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Updated: 43 min 26 sec ago
(Phys.org) —New research at the University of Arkansas shows that behavior can be predicted and understood in thin films made of materials called relaxors, which can be used in electronic devices.
Mozilla on Thursday teamed with global partners in a push for open mobile standards as it ramps up its efforts to develop smartphones challenging Google and Apple operating systems.
China's first flyby of an asteroid shows that a gigantic space rock which once triggered a doomsday scare is essentially rubble, scientists reported on Thursday.
Maybe it happens tomorrow. Maybe in a billion years. Physicists have long predicted that the universe may one day collapse, and that everything in it will be compressed to a small hard ball. New calculations from physicists at the University of Southern Denmark now confirm this prediction – and they also conclude that the risk of a collapse is even greater than previously thought.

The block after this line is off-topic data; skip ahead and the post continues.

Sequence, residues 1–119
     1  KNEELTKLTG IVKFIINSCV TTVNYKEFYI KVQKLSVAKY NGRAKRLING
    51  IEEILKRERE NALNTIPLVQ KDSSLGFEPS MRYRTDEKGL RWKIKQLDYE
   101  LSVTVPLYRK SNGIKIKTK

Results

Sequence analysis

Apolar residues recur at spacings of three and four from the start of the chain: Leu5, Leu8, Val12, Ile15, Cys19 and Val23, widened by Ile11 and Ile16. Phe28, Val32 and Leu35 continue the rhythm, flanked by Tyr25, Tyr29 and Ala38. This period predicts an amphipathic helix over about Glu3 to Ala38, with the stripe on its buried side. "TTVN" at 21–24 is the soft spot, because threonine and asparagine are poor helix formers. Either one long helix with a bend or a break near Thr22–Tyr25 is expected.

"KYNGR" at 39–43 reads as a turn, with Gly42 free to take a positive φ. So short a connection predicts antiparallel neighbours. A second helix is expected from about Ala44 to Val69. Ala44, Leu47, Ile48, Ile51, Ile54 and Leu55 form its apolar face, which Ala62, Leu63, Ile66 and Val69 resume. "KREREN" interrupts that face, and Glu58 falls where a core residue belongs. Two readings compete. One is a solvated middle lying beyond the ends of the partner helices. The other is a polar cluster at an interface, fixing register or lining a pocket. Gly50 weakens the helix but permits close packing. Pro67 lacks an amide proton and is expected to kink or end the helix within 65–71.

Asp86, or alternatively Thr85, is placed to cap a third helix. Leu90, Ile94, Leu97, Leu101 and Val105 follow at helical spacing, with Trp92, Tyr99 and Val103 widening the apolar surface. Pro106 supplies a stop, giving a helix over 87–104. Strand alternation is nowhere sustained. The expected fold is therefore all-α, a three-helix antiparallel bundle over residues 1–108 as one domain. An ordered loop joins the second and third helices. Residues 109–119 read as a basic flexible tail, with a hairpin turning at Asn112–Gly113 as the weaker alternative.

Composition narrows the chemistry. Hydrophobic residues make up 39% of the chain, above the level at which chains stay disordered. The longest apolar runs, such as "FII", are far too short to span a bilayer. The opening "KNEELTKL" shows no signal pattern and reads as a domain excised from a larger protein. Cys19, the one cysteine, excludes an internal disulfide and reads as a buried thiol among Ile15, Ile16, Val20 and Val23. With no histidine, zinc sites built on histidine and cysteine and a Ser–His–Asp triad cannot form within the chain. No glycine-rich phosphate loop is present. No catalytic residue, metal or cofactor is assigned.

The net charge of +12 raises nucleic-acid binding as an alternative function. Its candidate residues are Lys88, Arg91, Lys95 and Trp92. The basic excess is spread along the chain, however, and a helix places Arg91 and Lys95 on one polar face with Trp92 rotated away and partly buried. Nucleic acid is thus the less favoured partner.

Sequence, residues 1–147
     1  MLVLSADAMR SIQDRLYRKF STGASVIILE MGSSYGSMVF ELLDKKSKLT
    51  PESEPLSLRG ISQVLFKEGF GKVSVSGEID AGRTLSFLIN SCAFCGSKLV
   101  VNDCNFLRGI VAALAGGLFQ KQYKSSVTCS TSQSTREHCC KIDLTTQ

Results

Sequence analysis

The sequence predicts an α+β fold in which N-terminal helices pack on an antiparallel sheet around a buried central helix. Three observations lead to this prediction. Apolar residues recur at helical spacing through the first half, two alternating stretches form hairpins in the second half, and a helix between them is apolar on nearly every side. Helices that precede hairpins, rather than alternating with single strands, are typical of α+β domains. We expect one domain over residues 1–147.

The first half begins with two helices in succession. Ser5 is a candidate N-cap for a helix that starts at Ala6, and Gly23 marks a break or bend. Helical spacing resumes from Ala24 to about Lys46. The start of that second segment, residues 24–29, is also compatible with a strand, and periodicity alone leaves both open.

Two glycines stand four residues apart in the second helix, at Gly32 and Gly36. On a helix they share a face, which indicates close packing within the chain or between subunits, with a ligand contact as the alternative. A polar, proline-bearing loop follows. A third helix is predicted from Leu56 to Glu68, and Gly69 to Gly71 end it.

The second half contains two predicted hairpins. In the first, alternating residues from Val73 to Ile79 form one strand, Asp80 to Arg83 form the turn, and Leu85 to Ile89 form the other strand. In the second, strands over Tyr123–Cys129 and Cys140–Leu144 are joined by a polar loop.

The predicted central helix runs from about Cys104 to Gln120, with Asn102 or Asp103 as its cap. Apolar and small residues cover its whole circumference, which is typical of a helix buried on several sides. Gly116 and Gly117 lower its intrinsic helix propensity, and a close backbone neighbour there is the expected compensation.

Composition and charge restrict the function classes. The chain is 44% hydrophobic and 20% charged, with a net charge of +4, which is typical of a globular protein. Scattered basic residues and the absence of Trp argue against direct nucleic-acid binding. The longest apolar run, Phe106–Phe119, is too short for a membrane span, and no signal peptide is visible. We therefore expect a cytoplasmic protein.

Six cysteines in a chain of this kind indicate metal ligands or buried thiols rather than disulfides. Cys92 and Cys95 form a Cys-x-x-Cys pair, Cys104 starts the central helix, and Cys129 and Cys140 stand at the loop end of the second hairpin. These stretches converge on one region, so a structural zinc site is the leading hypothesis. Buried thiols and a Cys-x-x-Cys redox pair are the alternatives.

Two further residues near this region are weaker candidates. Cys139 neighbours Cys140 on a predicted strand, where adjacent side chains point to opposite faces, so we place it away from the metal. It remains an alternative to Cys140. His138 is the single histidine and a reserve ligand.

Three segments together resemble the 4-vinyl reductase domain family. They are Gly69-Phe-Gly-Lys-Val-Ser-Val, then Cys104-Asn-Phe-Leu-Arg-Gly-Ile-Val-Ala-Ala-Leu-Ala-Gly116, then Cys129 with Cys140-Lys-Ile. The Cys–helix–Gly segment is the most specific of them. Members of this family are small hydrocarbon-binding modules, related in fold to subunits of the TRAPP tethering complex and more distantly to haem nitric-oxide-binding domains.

Two teams of researchers, including a scientist from Case Western Reserve University, have announced the discovery of a new species of fossil horse from 4.4 million-year-old fossil-rich deposits in Ethiopia.
A nectar-feeding bat that was thought to eat insects in passing has been discovered to target its moving prey with stealth precision, according to new research by scientists at Queen Mary University of London.
Take one perplexed shopper, add a veritable forest of festive foliage, multiply by some mathematical ingenuity and what have you got? The perfect family Christmas tree.
(Phys.org) —Networks of nanometer-scale machines offer exciting potential applications in medicine, industry, environmental protection and defense, but until now there's been one very small problem: the limited capability of nanoscale antennas fabricated from traditional metallic components.
(Phys.org) —Researchers have found a new way to probe molecules and atoms with an X-ray laser, setting off cascading bursts of light that reveal precise details of what is going on inside. The technique may allow scientists to see details of chemical reactions and home in on the properties of specific elements within complex molecules in a way not possible before.